Some observations on inverse probability including a new indifference rule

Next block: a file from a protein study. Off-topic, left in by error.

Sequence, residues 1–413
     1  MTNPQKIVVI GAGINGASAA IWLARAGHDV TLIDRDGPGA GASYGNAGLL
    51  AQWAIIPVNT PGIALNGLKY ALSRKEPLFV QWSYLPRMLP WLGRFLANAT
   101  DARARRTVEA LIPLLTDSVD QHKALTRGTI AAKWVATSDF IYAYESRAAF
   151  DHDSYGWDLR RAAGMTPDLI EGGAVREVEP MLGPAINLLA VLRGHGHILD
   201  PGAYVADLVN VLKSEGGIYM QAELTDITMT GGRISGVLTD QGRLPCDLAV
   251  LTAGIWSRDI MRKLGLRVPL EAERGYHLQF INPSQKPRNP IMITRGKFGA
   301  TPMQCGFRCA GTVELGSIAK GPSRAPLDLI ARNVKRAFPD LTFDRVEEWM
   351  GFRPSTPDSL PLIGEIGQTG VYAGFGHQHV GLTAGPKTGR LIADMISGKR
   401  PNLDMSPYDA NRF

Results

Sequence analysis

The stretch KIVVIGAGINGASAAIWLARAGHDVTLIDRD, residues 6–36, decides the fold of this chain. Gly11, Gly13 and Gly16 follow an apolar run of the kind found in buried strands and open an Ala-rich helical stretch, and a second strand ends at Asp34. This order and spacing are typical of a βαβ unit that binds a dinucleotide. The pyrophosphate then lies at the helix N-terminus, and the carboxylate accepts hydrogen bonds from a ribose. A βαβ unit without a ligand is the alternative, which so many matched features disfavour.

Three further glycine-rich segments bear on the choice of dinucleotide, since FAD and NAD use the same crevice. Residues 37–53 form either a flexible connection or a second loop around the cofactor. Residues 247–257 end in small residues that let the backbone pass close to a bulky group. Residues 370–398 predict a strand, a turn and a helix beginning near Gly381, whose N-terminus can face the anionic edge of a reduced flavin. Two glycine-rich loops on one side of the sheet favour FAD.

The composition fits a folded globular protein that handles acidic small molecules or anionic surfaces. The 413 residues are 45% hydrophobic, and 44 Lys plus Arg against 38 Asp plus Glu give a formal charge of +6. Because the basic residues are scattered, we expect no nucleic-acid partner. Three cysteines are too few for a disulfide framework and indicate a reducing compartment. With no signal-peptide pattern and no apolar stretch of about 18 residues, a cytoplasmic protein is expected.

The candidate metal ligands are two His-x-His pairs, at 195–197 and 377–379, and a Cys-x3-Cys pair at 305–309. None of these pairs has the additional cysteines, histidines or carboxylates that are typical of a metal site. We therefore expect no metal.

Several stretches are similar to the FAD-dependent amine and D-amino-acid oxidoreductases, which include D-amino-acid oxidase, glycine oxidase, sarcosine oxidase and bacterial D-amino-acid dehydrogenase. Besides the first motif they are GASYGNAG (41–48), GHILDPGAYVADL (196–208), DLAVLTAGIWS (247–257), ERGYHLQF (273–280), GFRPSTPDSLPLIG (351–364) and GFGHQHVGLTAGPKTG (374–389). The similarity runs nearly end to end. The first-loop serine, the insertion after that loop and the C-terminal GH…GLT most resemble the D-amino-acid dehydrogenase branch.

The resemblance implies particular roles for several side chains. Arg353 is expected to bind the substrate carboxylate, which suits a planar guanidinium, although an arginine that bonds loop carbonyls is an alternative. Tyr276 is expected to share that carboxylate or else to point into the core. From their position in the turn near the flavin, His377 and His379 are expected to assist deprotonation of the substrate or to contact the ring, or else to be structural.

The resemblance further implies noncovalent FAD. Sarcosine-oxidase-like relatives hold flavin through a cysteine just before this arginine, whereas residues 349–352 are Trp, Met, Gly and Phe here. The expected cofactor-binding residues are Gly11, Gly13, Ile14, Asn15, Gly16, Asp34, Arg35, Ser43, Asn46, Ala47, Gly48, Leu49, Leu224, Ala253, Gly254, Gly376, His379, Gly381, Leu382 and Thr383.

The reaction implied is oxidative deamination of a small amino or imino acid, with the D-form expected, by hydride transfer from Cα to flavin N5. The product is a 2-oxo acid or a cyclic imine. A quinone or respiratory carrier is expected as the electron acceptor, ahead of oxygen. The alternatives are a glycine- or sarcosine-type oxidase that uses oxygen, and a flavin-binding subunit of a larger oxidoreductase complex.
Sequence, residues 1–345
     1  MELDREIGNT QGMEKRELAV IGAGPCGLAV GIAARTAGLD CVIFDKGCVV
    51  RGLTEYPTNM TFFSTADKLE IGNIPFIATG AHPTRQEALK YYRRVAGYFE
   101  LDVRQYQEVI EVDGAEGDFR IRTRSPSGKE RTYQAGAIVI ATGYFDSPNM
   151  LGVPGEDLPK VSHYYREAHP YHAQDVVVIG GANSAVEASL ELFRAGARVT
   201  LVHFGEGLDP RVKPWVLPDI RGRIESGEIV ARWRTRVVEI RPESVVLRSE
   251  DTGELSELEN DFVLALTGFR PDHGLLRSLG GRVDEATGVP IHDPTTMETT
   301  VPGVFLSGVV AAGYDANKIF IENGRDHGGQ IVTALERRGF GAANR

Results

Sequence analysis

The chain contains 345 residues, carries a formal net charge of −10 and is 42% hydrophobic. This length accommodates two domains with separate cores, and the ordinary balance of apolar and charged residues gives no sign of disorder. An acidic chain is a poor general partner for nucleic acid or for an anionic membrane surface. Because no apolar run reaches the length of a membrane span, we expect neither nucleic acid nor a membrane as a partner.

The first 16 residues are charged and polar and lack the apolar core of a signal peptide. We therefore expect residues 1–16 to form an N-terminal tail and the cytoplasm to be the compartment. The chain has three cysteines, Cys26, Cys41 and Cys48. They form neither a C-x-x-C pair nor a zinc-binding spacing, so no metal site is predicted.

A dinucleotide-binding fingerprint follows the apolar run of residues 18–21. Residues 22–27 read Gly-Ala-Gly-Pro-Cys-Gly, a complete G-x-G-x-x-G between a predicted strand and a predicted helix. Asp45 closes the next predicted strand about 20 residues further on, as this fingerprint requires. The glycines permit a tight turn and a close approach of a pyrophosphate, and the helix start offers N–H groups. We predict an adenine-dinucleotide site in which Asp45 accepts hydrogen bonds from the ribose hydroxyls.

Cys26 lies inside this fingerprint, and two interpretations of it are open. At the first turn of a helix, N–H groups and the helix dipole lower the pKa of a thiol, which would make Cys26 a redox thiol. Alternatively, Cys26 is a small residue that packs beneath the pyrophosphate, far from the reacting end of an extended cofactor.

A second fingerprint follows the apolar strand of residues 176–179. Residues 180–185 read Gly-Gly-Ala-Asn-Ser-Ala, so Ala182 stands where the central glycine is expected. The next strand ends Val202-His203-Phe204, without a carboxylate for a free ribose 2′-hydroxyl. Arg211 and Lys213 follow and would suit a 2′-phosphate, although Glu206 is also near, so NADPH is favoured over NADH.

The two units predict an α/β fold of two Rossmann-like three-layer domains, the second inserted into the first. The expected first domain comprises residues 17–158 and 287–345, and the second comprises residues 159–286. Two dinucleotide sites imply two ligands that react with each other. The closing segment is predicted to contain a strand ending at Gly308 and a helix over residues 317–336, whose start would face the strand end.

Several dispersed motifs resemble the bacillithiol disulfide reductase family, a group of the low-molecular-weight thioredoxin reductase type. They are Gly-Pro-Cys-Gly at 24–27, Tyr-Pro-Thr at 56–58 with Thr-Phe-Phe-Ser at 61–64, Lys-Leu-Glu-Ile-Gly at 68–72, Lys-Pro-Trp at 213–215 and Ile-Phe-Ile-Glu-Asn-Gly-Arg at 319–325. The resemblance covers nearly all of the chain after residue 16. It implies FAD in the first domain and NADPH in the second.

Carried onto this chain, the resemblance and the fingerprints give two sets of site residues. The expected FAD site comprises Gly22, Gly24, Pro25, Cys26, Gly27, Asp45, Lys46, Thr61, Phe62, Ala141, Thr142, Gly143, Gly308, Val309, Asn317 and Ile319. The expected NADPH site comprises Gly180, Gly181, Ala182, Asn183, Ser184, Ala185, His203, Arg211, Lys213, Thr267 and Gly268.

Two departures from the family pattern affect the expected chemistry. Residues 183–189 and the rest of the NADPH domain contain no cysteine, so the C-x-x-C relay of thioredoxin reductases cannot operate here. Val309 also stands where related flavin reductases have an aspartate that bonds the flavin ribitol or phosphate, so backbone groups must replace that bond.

The main object of this paper is to propound and discuss a new indifference rule for the prior probabilities in the theory of inverse probability. Being invariant in form on transformation, this new rule avoids the mathematical inconsistencies associated with the classical rule of ‘uniform distribution of ignorance’ and yields results which, particularly in certain critical extreme cases, do not appear to be unreasonable. Such a rule is, of course, a postulate and is not susceptible of proof; its object is to enable inverse probability to operate as a unified principle upon which methods may be devised of allowing a set of statistics to tell their complete and unbiased story about the parameters of the distribution law of the population from which they have been drawn, without the introduction of any knowledge beyond and extraneous to the statistics themselves. The forms appropriate for the prior probabilities in certain other circumstances are also discussed, including the important case where the unknown parameter is a probability, or proportion, for which it is desired to allow for prior bias.